(Photo of Sophia Loren courtesy of Turner Classic Movies.)
Sophia was charming and down to earth, a real delight. This was a special event for everyone involved, the rare chance to see a true icon of the cinema in person, and the audience responded as enthusiastically as one might expect.
As for MARRIAGE ITALIAN STYLE (1964), it was very different from the kinds of films I typically watch; I'm not sure I'd precisely say I liked it, but it was an interesting and broadening viewing experience. All in all I was glad I attended it, especially for the chance to see Sophia.
Sunday's tally, for those keeping score, was three digital films and one (REIGN OF TERROR) in 35mm. The total breakdown for the festival was six films in 35mm and ten digital; the other 35mm prints were QUEEN CHRISTINA, REBECCA, SO DEAR TO MY HEART, AIR MAIL, and CHRISTMAS IN JULY.
(Photo courtesy of Turner Classic Movies)
After MARRIAGE ITALIAN STYLE it was time then to convene once more in Club TCM, this time to say goodbye to all my classic film blogging friends and express our hopes to meet again in 2016! I'm very grateful that blogging has led to so many wonderful experiences with such terrific people!
As my coverage of the currently ongoing Noir City Film Festival draws to a close this weekend, I'll be revisiting some of the movies seen at the TCM Festival in greater depth via reviews of individual films. I'll also be writing a column on the festival for ClassicFlix.
My fellow classic film bloggers continue to share great posts -- here's a final roundup of some additional links! It's by no means comprehensive, and many of the bloggers I've linked to previously have additional posts up at their sites.
"Travels With My Parents: TCMFF Through New Eyes" by Jessica at Comet Over Hollywood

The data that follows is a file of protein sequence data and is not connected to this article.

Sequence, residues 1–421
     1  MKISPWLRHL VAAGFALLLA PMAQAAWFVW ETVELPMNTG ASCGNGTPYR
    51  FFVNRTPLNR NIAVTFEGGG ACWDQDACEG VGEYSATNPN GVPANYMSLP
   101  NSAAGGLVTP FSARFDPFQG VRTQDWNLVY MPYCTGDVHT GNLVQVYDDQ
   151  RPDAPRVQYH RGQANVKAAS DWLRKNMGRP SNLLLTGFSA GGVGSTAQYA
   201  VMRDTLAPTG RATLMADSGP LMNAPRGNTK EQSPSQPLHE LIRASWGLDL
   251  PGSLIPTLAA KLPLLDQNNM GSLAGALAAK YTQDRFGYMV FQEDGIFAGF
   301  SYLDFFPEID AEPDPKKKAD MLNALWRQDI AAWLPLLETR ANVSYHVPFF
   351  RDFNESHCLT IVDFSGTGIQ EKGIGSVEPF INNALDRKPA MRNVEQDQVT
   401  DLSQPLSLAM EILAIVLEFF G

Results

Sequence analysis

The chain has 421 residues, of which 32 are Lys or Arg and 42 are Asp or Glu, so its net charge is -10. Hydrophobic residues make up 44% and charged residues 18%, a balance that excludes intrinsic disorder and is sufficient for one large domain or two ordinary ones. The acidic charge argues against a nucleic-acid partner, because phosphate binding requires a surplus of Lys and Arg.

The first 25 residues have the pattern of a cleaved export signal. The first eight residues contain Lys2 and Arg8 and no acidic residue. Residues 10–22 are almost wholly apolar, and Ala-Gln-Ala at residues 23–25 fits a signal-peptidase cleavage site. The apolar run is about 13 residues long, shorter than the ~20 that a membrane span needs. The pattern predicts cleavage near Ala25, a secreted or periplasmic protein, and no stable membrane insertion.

"TCM Classic Film Festival 2015: Arrival" by Kendahl at A Classic Movie Blog; and I was envious Kendahl saw one of my favorite film historians, Jeanine Basinger, on Day Two!
"Who I Met, Who I Saw and My Thoughts on the 2015 TCM Classic Film Festival" by Raquel at Out of the Past
"TCM Classic Film Festival Diary, Sunday" by Kristina at Speakeasy, and don't miss her "TCM Classic Film Diary, Wrap-Up," which has lots of great tips for those planning to attend in the future
"Dead on Arrival at the TCM Film Fest" by Will McKinley at Cinematically Insane
(Photo courtesy of Turner Classic Movies)
"TCMFF - A Social Affair" by Aurora at Once Upon a Screen, followed by "TCMFF The Movies - Melancholy Laughs Part 1"
"2015 Turner Classic Movies Film Festival Diary, Day 3" by Stephen at Classic Movie Man, followed by Day 4
"A Personal Look at the TCM Classic Film Festival 2015" by Marya at Yam
Theresa on THE SOUND OF MUSIC (1965) screening at CineMaven's Essays From the Couch
Plus a look at Ben Burtt & Craig Barron's special GUNGA DIN (1939) presentation by Kim at I See a Dark Theater
For more links to my coverage of the festival, please visit The 2015 TCM Classic Film Festival in Review.